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Biodiversity loss drove ecological collapse after the 'Great Dying', new study reveals

Press release issued: 24 February 2023

Biodiversity loss may be the harbinger of a more devastating ecological collapse, an international team of scientists have discovered.

By exploring the stability and collapse of marine ecosystems during the Permian-Triassic mass extinction, researchers have gained worrying insights into the modern biodiversity crisis, given that the rate of species loss today outpaces that during the event, known as the ‘Great Dying’. 

The history of life on Earth has been punctuated by several mass extinctions. The largest of these, the Permian-Triassic extinction event, occurred 252 million years ago. While scientists generally agree on its causes, exactly how this mass extinction unfolded—and the ecological collapse that followed—remains a mystery.

In a study published today in Current Biology, the international study team—composed of researchers from the University of Bristol, California Academy of Sciences, the China University of Geosciences (Wuhan) analysed marine ecosystems before, during, and after the Great Dying to better understand the series of events that led to ecological destabilization.

They examined fossils from South China—a shallow sea during the Permian-Triassic transition—to recreate the ancient marine environment. By sorting species into guilds, or groups of species that exploit resources in similar ways, the team was able to analyse prey-predator relationships and determine the functions ancient species performed. These simulated food webs provided plausible representations of the ecosystem before, during, and after the extinction event. 

“The fossil sites in China are perfect for this kind of study because we need abundant fossils so we can reconstruct food webs,” said Bristol's Prof Michael Benton from the University of Bristol. “Also, the rock sequences can be dated very precisely, so we can track step by step all through the crisis when life in the oceans was killed by heat shock, ocean acidification, and loss of oxygen from the seabed, and then through the steps of recovery of life.”

“The Permian-Triassic extinction serves as a model for studying biodiversity loss on our planet today,” said Academy Curator of Geology Peter Roopnarine. “In this study, we determined that species loss and ecological collapse occurred in two distinct phases, with the latter taking place about 60,000 years after the initial biodiversity crash.”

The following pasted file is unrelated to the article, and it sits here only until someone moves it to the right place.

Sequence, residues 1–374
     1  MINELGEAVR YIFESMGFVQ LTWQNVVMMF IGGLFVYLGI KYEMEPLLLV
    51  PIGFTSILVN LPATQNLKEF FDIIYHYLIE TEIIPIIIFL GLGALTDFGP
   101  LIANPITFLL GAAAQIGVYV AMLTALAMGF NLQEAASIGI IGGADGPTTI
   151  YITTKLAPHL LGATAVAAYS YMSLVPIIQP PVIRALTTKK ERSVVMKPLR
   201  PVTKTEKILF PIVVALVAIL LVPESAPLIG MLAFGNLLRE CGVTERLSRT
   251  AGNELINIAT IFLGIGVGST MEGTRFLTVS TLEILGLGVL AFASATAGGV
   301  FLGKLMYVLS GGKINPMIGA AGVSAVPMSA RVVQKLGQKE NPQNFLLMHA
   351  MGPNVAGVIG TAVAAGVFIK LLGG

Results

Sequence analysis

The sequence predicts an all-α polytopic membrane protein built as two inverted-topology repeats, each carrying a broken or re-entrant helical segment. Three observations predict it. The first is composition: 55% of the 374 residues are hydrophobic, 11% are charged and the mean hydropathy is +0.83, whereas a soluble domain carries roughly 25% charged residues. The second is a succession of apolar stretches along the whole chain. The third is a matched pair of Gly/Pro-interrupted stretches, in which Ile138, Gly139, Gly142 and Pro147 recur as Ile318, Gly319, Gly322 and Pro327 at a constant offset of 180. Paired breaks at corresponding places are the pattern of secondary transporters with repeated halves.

The event itself wiped out 95% of life on Earth, or about 19 out of every 20 species. Likely triggered by increased volcanic activity and a subsequent spike in atmospheric carbon dioxide, it caused climatic conditions similar to the human-driven environmental challenges seen today, namely global warming, ocean acidification, and marine deoxygenation. 

“Despite the loss of over half of Earth’s species in the first phase of the extinction, ecosystems remained relatively stable,” explained Academy researcher Yuangeng Huang, now at the China University of Geosciences. Interactions between species decreased only slightly in the first phase of the extinction but dropped significantly in the second phase, causing ecosystems to destabilize. “Ecosystems were pushed to a tipping point from which they could not recover,” Mr Huang continued. 

An ecosystem as a whole is more resistant to environmental change when there are multiple species that perform similar functions. If one species goes extinct, another can fill that niche and the ecosystem remains intact. This can be compared to an economy where several companies or corporations provide the same service. The demise of one corporation still leaves the service and economy intact, but the opposite will occur if the service is monopolized by a single entity.

“We found that the biodiversity loss in the first phase of the extinction was primarily a loss in this functional redundancy, leaving a sufficient number of species to perform essential functions,” Dr Roopnarine said. “But when environmental disturbances like global warming or ocean acidification occurred later on, ecosystems were missing that reinforced resistance, which led to abrupt ecological collapse.” 

For the study team, their findings stress the importance of considering functional redundancy when assessing modern conservation strategies and remind them of the urgent need for action to address today’s human-driven biodiversity crisis. 

“We are currently losing species at a faster rate than in any of Earth’s past extinction events. It is probable that we are in the first phase of another, more severe mass extinction,” Dr Huang added. “We cannot predict the tipping point that will send ecosystems into total collapse, but it is an inevitable outcome if we do not reverse biodiversity loss.”


'The stability and collapse of marine ecosystems during the Permian-Triassic mass extinction' by Peter Roopnarine, Mike Benton et al. in Current Biology

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